- Spanish-German spread posts biggest two-day drop since July
- Survation poll shows ‘Remain’ regains lead over ‘Leave’
Italian and Spanish government bonds advanced as investors favored higher-yielding assets after the latest U.K. opinion polls suggested the risk of Britain voting to leave the European Union in a referendum this week has declined.
Germany’s 10-year bunds, Europe’s benchmark sovereign securities, fell for a second day. The yield difference, or spread, between them and similar-maturity Spanish bonds was set for the biggest two-day decline since July. A phone poll from Survation taken June 17-18 for the Mail on Sunday newspaper showed “Remain” backed by 45 percent and “Leave” by 42 percent, reversing positions from Survation’s previous survey.
Along with the pound, European government bonds have been driven by the ebb and flow of opinion polls before the U.K.’s June 23 referendum. Campaigning resumed Sunday after a 2 1/2-day suspension following the killing of British lawmaker Jo Cox. German 10-year bund yields fell below zero for the first time last week on haven demand as investors judged a vote by Britain to leave the EU will destabilize Europe.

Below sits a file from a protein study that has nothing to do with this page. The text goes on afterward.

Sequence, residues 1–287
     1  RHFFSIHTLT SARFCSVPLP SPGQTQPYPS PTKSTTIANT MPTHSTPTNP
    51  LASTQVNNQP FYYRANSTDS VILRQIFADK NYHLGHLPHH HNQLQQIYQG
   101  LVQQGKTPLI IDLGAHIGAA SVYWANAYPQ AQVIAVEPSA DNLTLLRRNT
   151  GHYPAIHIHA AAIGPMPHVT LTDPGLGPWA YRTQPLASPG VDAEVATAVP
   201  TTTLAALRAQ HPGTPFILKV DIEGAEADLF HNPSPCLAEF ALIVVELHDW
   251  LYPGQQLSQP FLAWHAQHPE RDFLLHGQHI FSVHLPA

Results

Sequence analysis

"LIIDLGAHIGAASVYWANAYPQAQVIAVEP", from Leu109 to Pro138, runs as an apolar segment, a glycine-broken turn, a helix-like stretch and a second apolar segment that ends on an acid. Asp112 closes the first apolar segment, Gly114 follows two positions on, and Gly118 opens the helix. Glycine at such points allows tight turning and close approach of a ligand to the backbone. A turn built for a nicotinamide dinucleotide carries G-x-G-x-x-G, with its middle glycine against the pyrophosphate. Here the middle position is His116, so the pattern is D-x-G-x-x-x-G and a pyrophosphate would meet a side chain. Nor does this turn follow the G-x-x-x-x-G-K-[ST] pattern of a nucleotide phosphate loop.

“The spread between German and peripheral bonds are narrowing as people appear to be less worried now” about Brexit, said Soeren Moerch, head of fixed-income trading at Danske Bank A/S in Copenhagen. “But turnover is low. There’s still a lot of uncertainty.”
Italian 10-year bond yields dropped eight basis points, or 0.08 percentage point, to 1.44 percent as of 4:15 p.m. London time. The 1.6 percent security due in June 2026 rose 0.715, or 7.15 euros per 1,000-euro ($1,132) face amount, to 101.575. The yield on similar-maturity Spanish bonds fell eight basis points to 1.48 percent.
German 10-year bund yields increased five basis points to 0.06 percent, narrowing the spread versus Spanish securities to 1.42 percentage points. The gap has shrunk from a two-month high reached on June 16, dropping 20 basis points in the past two sessions, the most since July 10.
“Our view is now that Brexit risks are overpriced,” said Mark Dowding, a London-based partner and portfolio manager at Royal Bank of Canada’s BlueBay Asset Management, which has $63 billion in assets. “We believe that polls will swing back to ‘Remain’ and so this is a time to add risk in assets.”
Germany’s government securities outperformed their peripheral peers in the past month. They returned 1.5 percent, according to Bloomberg World Bond Indexes, while Italian and Spanish sovereign debt earned 0.3 percent.